Into the Storm


Don’t look now, but someone other than Roland Emmerich made a disaster movie — it happens from time to time — and guess what? According to critics, it’s actually worse than some of the stuff he’s done. The spiritual successor to 1996’s Twister, Into the Storm employs a found-footage format to follow a handful of small-town citizens as they flee, chase, and scream at each other through a barrage of tornadoes. Most notable among the cast is Richard Armitage, who audiences have gotten to know over the past couple years as Thorin Oakenshield, the dwarf leader from the Hobbit films, but even he was unable to save what critics felt was a lackluster script populated by paper-thin characters. Still, if you just want to see some cool special effects, you can always throw this on in the background while you do the dishes.

The Wind Rises


We could debate endlessly whether or not Hayao Miyazaki is really retired, but if the iconic Japanese animator really is done for good, The Wind Rises is a pretty great sendoff. Based on the manga he adapted himself from a 1937 short story, the film tells a fictionalized account of the life of Jiro Horikoshi, the man who designed two of Japan’s most important fighter planes in WWII. Though some took issue with Miyazaki’s romanticization of Horikoshi’s life, most critics appreciated his typically superb storytelling, lush animation, and bittersweet themes, and awarded it a Certified Fresh 89 percent on the Tomatometer. There are only a handful of standard special features (storyboards, trailers, a featurette on the voice acting), but Miyazaki fans might be interested to know that two of his other widely celebrated films, Princess Mononoke and Kiki?s Delivery Service, are also coming out in new Blu-rays this week, the latter of which includes a new bonus in the form of a musical montage.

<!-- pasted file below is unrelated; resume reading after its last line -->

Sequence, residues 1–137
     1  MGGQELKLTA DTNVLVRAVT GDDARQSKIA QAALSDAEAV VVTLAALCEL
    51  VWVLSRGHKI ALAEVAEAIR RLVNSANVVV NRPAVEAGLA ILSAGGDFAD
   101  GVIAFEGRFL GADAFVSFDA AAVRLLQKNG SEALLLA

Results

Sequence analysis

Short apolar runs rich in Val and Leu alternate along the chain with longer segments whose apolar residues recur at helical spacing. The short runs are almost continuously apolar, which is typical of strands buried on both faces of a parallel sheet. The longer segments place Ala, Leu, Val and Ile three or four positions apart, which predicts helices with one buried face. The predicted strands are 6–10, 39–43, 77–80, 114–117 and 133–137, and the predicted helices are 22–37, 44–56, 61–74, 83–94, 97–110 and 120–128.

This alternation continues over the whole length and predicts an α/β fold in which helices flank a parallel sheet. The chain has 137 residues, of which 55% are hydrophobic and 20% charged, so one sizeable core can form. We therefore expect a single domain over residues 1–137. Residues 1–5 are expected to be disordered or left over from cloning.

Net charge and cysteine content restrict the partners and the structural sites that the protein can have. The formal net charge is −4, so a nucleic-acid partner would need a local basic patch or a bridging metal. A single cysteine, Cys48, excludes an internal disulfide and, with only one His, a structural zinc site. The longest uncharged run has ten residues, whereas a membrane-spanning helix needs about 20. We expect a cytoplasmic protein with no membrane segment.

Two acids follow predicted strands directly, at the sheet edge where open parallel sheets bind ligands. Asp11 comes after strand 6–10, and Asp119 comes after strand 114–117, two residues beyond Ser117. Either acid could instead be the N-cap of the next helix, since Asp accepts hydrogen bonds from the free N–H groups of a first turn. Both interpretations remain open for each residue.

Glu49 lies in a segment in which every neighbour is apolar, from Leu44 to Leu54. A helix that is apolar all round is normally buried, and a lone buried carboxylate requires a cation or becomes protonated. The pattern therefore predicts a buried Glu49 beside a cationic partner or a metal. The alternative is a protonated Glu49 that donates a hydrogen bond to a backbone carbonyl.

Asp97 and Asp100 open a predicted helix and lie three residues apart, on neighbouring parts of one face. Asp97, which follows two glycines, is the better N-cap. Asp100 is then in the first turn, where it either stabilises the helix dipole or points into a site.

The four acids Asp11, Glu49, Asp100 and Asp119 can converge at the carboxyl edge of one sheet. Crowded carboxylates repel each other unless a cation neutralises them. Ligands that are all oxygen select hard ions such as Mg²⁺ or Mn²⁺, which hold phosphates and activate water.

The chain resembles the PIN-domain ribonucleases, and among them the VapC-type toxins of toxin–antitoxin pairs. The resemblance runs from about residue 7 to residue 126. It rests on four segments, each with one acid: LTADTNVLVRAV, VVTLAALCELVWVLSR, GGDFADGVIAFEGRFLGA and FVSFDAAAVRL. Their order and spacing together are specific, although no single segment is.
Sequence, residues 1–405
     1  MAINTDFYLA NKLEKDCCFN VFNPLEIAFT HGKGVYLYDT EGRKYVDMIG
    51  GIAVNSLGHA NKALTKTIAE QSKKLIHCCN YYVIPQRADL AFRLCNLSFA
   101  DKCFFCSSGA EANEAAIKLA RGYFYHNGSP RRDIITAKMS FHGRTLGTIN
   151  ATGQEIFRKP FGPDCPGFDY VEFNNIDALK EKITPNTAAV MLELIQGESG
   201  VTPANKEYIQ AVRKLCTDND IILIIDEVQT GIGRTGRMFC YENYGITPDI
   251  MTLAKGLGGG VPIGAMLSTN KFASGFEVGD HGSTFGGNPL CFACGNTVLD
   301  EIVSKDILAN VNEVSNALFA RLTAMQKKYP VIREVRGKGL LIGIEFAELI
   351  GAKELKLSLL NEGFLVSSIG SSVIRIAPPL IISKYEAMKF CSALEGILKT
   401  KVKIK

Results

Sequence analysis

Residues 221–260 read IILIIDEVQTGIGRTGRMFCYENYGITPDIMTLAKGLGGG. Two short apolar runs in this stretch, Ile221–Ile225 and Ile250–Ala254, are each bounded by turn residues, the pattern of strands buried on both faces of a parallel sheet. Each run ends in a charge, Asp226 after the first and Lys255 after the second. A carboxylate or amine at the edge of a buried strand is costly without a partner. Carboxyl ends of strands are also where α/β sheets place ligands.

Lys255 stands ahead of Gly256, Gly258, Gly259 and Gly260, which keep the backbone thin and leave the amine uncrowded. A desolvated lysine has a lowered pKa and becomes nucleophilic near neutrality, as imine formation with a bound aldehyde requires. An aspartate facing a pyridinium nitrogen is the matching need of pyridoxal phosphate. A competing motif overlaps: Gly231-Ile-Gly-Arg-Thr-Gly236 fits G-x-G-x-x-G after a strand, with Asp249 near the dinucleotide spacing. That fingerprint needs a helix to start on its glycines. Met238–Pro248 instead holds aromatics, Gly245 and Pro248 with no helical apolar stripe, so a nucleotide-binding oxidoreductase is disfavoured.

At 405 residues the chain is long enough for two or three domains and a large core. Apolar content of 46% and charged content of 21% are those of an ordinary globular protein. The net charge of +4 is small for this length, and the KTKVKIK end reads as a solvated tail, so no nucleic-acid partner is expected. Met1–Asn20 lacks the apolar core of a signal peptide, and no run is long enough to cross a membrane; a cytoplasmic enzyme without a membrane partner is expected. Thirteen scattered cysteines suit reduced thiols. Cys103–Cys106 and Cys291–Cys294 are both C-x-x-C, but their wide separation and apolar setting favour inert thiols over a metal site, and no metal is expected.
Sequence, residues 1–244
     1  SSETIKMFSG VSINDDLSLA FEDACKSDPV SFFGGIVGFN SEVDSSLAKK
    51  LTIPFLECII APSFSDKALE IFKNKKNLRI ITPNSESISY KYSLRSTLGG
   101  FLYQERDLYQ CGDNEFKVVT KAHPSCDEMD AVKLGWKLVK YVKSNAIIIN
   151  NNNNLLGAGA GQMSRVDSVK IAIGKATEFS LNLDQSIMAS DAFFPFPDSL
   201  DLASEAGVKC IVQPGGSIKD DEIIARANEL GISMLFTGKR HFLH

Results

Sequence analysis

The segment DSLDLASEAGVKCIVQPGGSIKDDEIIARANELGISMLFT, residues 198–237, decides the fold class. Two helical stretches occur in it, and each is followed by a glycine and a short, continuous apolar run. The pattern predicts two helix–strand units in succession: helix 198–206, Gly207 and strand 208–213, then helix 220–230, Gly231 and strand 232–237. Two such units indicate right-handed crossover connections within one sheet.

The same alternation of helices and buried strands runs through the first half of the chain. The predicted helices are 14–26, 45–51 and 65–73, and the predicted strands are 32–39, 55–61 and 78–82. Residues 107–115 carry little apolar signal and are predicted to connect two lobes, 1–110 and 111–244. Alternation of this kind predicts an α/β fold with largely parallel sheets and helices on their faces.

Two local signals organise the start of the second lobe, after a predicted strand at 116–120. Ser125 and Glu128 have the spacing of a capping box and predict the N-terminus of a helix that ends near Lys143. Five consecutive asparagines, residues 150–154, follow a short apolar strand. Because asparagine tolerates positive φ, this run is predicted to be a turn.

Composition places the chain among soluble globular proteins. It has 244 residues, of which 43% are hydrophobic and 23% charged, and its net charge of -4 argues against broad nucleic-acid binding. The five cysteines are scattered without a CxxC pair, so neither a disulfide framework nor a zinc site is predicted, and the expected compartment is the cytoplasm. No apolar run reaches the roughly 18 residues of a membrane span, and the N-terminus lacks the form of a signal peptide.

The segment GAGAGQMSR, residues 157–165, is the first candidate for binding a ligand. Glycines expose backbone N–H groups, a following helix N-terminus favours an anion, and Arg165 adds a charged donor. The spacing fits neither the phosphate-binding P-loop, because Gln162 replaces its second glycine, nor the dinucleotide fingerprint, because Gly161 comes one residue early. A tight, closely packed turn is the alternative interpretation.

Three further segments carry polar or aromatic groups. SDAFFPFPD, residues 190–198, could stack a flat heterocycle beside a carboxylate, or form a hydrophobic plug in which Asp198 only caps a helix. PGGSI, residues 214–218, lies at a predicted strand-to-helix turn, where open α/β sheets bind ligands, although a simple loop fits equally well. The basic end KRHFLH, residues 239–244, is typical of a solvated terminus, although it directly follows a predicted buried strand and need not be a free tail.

Also available this week:

  • Eric Rohmer’s A Summer’s Tale (98 percent), about a young man who runs into relationship trouble while vacationing Bretagne, France.

  • Housebound (95 percent), a horror comedy from New Zealand about a woman sentenced to house arrest in her mother’s home, which she claims is haunted.

  • Georgian import (the country, not the state) In Bloom (93 percent), about two 14-year-old friends coming of age in the newly independent Georgia during the early 1990s.

  • Alive Inside (72 percent), a documentary about the powerful effect of music on the human psyche.

  • Automata (33 percent), starring Antonio Banderas and Melanie Griffith in a sci-fi thriller about a “Robotics Insurance” agent tasked with investigating a robot that broke its protocol to protect human life.

  • Rob Reiner’s And So It Goes (18 percent), starring Michael Douglas and Diane Keaton in a romantic comedy about an old curmudgeon who learns to love life again, thanks to his neighbor and an estranged granddaughter.

  • One selection from the Criterion Collection arrives in a new Blu-ray transfer this week: Frank Capra’s Oscar-sweeping 1934 romantic comedy It Happened One Night (98 percent), starring Claudette Colbert and Clark Gable as a spoiled socialite runaway and the reporter hot on her trail.

  • And last, but certainly not least, there’s The Twilight Zone: 5th Dimension, a limited edition complete series set that includes both the original Rod Serling series of the 1960s and the 1980s series in one amazing DVD box set, which also includes a number of brand new featurettes and interviews, as well as tons of goodies available on previous releases. This is the first time both series have been offered in one set, so it’s a great pickup for anyone who loves The Twilight Zone.